Mary Meeker's periodic review of the Internet industry is always a must-read presentation. This year was no exception – chock full of data, insights and thought-provoking charts.
There is a theme that Mary espoused that I have become a big fan of ever since I read Marc Andresseen's article in the Wall Street Journal "Why software is eating the world." She framed it as the "re-imagination of nearly everything." The simple notion is that the confluence of broadband, mobile and globalization in combination with Moore's Law have allowed the technology industry to innovate almost everything in existence. Facebook's IPO brought their "hack" culture to the forefront of the world's conscience. Well it turns out, technologists are hacking everything – from advertising to media, from retail to health care, from education to banking.
Ah, banking. This has not been a good few weeks for the banking industry. The surprise $2 billion trading loss at JP Morgan Chase has caused erstwhile superhero Jamie Dimon to appear fallable. Many are pointing out that the crisis at JP Morgan is an example of a banking sector that is increasingly concentrated in the hands of a few and results in a systemic risk because the top 5 banks are simply "too big to fail."
I would argue, there is an even larger risk for the financial services industry, that in turn provides a larger opportunity. I think banks are now simply too big to innovate.
Let's look at Meeker's slide 86 below:
She lists the industries that are ripe for "re-invention" sorted by their 2012 market capitalization. Financials are on top at a leviathan-like $7 trillion. There are 200,000 employees at JP Morgan Chase and Bank of America each and 350,000 at Citigroup. Structurally speaking, these organizations are simpy too large to develop breakthrough, out-of-the-box, re-invent banking solutions. That opportunity is left to entrepreneurs.
As a result, there are a slew of start-ups "hacking" banking. We have invested in a number of them that are hacking away at pieces of the financial system. ZestCash is hacking consumer lending. SimpleTuition is hacking student loans and banking. Cartera Commerce is hacking credit card marketing. AccountNow is hacking checking accounts and debit cards. Plastiq will soon be hacking large ticket purchasing. There are hundreds, if not thousands, of others that other investors have backed as well.
So when I look at the innovative progress being made in payments, mobile banking and other major areas, it makes me smile. Because while the major titans in the industry are caught up in looking backwards, the entrepreneurs are re-inventing the future of finance. That's an exciting prospect.
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Great points, Dion. I wonder if banks will begin acquiring technology companies with more frequency, as software becomes a more important part of their value chain.
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Hm…I won’t comment on your wife’s quote, but I hear you on size and innovation. 3M, Apple and Google are examples of big companies that have proven they can still innovate. It’s just really, really hard.
I noticed the same thing about Meeker’s presentation, Financials is #1 to get re-invented. As a former employee of Citibank’s Growth Ventures and Innovation team, let me slightly correct this statement you made:
“Structurally speaking, these organizations are simpy too large to develop breakthrough, out-of-the-box, re-invent banking solutions.”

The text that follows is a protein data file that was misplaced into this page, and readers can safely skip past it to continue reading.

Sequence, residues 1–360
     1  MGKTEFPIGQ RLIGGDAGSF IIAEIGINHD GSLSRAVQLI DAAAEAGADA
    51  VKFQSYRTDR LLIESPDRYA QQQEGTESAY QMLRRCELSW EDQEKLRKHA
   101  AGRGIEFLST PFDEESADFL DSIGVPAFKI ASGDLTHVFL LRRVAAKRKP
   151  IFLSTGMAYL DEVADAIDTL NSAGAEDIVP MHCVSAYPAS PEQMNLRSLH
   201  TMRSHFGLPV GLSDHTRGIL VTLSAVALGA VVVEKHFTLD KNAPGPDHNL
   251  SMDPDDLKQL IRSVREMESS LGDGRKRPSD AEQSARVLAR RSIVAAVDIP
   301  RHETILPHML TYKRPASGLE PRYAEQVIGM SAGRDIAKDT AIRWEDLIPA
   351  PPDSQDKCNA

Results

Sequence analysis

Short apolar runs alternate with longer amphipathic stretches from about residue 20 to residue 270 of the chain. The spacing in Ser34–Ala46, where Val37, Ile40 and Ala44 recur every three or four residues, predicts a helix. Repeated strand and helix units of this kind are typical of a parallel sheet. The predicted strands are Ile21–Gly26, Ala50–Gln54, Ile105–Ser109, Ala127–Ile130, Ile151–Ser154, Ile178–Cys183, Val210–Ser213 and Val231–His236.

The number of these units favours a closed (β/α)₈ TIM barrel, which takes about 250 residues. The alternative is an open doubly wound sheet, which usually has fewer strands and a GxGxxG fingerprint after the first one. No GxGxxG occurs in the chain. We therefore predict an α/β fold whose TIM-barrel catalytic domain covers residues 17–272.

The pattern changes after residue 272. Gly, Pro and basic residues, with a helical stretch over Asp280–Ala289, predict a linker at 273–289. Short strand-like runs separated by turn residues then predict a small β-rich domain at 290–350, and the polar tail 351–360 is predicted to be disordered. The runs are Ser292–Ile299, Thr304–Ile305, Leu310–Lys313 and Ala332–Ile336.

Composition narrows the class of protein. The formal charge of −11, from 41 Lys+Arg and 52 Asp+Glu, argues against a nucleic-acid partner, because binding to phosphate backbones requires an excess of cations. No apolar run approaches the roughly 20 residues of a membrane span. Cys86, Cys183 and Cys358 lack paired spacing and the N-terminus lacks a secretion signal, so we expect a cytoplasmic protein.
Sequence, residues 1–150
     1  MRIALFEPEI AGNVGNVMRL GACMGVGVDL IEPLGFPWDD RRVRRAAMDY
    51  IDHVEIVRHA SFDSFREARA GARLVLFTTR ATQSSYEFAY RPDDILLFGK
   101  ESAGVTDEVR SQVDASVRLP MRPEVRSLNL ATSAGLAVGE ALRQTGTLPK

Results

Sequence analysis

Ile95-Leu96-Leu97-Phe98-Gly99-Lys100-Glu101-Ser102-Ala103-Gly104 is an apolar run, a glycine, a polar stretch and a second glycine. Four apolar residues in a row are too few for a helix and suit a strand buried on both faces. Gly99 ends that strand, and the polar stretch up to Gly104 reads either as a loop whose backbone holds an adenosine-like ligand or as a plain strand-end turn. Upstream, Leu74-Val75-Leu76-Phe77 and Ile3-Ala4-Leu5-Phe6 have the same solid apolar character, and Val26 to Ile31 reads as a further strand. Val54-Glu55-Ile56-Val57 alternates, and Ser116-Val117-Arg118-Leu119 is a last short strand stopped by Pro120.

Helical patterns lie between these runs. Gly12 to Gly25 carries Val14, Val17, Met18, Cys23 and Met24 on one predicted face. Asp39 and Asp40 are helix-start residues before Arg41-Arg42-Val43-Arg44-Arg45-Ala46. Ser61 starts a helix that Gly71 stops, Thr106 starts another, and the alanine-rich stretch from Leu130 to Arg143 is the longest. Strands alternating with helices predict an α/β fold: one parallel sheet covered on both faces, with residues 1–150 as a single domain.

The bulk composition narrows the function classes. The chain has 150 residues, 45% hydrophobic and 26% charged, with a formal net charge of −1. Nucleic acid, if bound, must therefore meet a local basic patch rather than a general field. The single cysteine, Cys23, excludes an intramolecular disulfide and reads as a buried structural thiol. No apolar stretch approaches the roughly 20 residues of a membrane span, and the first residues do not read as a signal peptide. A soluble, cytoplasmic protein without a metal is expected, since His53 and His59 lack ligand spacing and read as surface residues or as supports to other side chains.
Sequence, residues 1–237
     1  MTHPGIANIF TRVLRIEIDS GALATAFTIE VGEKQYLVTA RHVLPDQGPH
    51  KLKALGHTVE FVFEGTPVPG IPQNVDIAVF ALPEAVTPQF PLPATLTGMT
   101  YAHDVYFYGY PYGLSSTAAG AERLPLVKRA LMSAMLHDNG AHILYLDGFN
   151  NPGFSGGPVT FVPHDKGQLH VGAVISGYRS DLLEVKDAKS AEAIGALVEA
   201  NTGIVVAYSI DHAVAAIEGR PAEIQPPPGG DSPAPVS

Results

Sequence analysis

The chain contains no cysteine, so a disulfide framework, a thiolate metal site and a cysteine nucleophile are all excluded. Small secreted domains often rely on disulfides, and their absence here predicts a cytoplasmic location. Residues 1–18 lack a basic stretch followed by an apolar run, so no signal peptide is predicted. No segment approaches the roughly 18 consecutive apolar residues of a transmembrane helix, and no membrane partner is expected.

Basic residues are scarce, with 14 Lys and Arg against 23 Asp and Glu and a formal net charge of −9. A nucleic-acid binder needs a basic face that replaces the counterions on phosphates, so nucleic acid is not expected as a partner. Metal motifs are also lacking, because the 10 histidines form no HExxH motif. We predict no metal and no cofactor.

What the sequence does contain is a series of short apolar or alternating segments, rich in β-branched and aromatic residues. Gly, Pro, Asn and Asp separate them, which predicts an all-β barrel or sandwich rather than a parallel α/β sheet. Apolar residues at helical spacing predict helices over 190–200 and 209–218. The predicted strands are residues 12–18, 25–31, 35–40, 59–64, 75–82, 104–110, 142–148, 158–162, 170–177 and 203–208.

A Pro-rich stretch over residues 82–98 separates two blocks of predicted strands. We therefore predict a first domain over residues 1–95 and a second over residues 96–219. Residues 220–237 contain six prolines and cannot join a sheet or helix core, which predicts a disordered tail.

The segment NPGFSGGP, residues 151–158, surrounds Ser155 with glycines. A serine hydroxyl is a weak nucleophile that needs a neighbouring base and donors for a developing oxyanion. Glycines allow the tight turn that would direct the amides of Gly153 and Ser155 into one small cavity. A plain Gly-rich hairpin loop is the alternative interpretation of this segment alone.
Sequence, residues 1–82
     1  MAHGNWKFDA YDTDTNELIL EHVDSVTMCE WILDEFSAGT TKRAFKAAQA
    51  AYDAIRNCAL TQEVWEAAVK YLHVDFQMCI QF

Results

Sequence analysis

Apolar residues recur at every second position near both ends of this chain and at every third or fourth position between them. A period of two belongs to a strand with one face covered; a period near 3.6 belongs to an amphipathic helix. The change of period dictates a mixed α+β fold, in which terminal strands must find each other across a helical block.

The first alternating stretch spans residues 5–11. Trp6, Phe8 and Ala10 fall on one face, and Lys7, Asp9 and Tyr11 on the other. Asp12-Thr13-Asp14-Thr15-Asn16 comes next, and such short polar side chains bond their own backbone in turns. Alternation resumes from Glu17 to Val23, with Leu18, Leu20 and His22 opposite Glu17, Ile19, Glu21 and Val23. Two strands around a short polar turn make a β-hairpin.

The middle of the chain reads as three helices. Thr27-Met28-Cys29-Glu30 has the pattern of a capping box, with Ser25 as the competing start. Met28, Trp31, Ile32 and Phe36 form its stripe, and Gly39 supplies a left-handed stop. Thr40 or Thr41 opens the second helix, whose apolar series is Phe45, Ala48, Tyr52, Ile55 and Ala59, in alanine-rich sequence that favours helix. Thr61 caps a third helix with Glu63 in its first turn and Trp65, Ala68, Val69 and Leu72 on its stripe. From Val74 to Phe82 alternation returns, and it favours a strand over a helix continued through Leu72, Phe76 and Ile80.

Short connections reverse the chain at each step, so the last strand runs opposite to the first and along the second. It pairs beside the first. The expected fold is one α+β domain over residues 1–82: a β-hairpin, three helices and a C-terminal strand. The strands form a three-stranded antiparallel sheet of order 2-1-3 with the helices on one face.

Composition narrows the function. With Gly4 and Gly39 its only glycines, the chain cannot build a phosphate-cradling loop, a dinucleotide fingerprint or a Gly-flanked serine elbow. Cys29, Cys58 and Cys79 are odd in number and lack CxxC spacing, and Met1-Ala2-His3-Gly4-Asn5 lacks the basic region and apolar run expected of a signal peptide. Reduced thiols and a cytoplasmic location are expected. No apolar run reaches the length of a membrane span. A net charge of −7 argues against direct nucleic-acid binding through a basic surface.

100% agree it is structural, however it is NOT size that prevents innovation it is lack of incentive. People do what they are incented to do. The head of cards at Citibank was incented to ensure, actually guarantee that the cards business never changed. His (occasionally her) incentive program is based on the trailing 12 months business indicators and adding 10% to them in the coming 12 months, rinse, repeat. There was no track for this person or team to really move the needle and change the business. Why on earth would this person innovate when that can only damage the coming 12 month “results” as measured by the trailing 12 months. Imagine telling the spouse, sorry I missed my annual bonus, BUT I did do some amazingly innovative things at work that will be enjoyed for years to come. (most likely by the person that replaces him when he gets fired)
The Growth Ventures and Innovation team I was apart of for 3 years was supposed to address this gap, but was not connected enough to the business to really change it.
So, entrepreneurs step in and change it for them. That is the way of the ecosystem.
Too big isn’t the issue. I’ve done some work at a variety of banks (mostly in the security sphere) based here in Boston (hint hint). At the mid-levels there is often innovation in conversation. The kind of innovation that’s not about packaging CDOs but about doing interesting things with payments, loans, etc.
The problem is once it goes beyond that level, it gets trapped by the enforced regulatory FUD that exists in banks. Layers and layers of human beings who’s job it is to be scared of security and regulatory compliance. Change management policies that take months to push code out. A startup of mine was bought by a large financial institution. We went from new code daily to no developers having any kind of access to any production machine (even if that machine isn’t anywhere near real accounts). It just shut down innovation. And all the good engineers (myself included) left as soon as earn-out was over… mostly due to policies like that.
It’s not a big-ness issue, it’s an unnecessarily bureaucratic issue. Automate the change-management. Small autonomous teams with automated controls for regulations. That’ll do it. But it’s the job-protection humans who get in the way.
As my wife always says to me, “size doesn’t matter.”